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Hyperspectral Sensors as a Management Tool to Prevent the Invasion of the Exotic Cordgrass Spartina densiflora in the Doñana Wetlands

AutorBustamante, Javier ; Aragonés, David ; Afán, Isabel ; Luque, Carlos J.; Pérez-Vázquez, Andrés; Castellanos, Eloy M.; Díaz-Delgado, Ricardo
Fecha de publicación8-dic-2016
EditorMultidisciplinary Digital Publishing Institute
CitaciónRemote Sensing 8(12): 1001 (2016)
ResumenWe test the use of hyperspectral sensors for the early detection of the invasive dense-flowered cordgrass (<i>Spartina densiflora</i> Brongn.) in the Guadalquivir River marshes, Southwestern Spain. We flew in tandem a CASI-1500 (368–1052 nm) and an AHS (430–13,000 nm) airborne sensors in an area with presence of <i>S. densiflora</i>. We simplified the processing of hyperspectral data (no atmospheric correction and no data-reduction techniques) to test if these treatments were necessary for accurate <i>S. densiflora</i> detection in the area. We tested several statistical signal detection algorithms implemented in ENVI software as spectral target detection techniques (matched filtering, constrained energy minimization, orthogonal subspace projection, target-constrained interference minimized filter, and adaptive coherence estimator) and compared them to the well-known spectral angle mapper, using spectra extracted from ground-truth locations in the images. The target <i>S. densiflora</i> was easy to detect in the marshes by all algorithms in images of both sensors. The best methods (adaptive coherence estimator and target-constrained interference minimized filter) on the best sensor (AHS) produced 100% discrimination (Kappa = 1, AUC = 1) at the study site and only some decline in performance when extrapolated to a new nearby area. AHS outperformed CASI in spite of having a coarser spatial resolution (4-m vs. 1-m) and lower spectral resolution in the visible and near-infrared range, but had a better signal to noise ratio. The larger spectral range of AHS in the short-wave and thermal infrared was of no particular advantage. Our conclusions are that it is possible to use hyperspectral sensors to map the early spread <i>S. densiflora</i> in the Guadalquivir River marshes. AHS is the most suitable airborne hyperspectral sensor for this task and the signal processing techniques target-constrained interference minimized filter (TCIMF) and adaptive coherence estimator (ACE) are the best performing target detection techniques that can be employed operationally with a simplified processing of hyperspectral images.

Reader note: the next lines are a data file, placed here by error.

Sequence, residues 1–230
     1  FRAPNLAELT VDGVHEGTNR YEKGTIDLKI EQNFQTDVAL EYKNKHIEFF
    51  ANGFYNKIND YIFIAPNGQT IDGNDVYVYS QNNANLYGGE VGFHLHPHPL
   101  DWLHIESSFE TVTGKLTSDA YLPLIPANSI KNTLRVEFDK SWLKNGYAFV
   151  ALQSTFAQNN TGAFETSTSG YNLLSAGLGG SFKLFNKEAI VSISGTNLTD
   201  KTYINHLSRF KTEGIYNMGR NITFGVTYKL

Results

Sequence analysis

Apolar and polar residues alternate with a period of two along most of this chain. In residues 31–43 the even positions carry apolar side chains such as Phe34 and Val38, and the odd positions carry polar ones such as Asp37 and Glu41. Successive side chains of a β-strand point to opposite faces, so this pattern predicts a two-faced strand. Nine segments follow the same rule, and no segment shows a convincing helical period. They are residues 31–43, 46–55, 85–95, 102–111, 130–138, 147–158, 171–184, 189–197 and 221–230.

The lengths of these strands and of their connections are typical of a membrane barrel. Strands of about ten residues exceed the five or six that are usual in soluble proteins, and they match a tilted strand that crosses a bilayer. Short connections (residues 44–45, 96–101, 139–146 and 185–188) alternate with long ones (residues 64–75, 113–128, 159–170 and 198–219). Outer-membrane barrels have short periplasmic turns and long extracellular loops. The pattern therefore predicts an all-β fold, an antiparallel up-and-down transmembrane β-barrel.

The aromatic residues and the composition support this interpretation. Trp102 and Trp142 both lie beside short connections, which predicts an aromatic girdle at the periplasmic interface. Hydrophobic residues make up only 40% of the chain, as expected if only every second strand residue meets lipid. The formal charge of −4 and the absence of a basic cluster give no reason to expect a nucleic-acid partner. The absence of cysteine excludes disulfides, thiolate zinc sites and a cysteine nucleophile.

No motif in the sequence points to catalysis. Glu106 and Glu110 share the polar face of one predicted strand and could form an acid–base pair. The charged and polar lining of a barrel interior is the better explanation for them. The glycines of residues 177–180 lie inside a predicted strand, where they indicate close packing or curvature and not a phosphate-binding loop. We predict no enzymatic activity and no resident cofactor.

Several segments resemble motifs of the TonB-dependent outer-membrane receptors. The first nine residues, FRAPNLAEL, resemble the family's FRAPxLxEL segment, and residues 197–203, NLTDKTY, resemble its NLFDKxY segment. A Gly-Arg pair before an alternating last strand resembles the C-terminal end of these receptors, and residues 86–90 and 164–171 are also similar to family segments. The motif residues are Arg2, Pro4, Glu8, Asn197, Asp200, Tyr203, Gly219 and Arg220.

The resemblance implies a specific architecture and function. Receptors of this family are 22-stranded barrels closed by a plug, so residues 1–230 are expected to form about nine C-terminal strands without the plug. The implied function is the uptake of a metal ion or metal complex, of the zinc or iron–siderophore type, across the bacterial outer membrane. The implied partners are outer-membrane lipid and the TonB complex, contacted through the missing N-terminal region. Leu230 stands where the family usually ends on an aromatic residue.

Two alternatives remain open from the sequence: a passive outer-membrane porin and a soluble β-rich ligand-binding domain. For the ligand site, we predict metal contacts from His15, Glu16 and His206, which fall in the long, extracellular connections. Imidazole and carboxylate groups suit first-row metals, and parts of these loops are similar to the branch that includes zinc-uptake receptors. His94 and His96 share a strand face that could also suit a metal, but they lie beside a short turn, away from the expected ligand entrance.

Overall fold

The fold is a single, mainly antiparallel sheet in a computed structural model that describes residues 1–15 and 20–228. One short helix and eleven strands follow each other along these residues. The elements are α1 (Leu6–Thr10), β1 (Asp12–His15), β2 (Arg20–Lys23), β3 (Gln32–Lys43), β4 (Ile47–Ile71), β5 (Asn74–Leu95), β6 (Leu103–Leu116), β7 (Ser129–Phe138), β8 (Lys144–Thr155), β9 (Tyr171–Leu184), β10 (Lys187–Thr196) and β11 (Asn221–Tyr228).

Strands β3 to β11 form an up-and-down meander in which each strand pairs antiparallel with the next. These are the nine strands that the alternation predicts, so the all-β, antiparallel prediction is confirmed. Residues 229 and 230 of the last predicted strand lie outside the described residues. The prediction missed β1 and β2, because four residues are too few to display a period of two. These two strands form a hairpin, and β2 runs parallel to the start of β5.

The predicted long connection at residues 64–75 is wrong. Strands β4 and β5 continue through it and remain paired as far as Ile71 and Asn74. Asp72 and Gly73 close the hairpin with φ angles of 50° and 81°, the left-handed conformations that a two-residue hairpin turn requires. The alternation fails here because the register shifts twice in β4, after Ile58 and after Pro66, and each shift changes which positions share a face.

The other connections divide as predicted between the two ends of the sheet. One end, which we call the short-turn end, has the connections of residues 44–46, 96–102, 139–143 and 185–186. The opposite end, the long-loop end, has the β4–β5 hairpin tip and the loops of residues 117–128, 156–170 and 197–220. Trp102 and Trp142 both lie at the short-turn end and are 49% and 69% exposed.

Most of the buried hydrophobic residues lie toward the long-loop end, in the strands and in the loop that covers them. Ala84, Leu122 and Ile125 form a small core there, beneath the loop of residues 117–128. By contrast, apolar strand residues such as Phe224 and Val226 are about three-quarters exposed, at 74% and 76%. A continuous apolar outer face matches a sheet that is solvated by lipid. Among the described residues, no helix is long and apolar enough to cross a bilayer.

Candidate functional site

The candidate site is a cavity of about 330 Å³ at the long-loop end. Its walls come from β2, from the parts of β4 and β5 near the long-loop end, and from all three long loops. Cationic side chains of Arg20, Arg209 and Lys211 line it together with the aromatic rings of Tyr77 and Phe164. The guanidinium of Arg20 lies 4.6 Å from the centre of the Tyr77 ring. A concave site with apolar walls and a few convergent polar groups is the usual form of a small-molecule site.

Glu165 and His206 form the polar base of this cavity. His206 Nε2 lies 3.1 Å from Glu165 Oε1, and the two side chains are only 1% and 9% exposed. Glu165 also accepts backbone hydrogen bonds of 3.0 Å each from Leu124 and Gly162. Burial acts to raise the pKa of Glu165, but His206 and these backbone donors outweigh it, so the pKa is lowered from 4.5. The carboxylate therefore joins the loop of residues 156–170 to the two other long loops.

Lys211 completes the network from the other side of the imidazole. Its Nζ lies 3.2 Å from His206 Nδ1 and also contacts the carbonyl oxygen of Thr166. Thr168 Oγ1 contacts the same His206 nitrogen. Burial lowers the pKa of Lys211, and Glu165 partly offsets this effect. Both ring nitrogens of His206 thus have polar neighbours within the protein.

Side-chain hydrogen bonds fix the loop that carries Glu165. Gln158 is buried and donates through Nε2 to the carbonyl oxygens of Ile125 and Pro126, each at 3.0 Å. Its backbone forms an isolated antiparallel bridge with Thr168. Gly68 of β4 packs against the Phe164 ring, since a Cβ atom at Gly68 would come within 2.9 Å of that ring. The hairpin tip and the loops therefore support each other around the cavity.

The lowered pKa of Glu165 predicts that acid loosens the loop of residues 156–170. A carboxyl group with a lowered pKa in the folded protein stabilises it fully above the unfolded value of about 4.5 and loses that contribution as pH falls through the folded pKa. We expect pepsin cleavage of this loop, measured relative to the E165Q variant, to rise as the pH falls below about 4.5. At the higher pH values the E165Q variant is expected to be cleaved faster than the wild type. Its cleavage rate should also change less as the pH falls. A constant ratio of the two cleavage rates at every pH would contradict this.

URIhttp://hdl.handle.net/10261/142104
DOIhttp://dx.doi.org/10.3390/rs8121001
Identificadoresdoi: 10.3390/rs8121001
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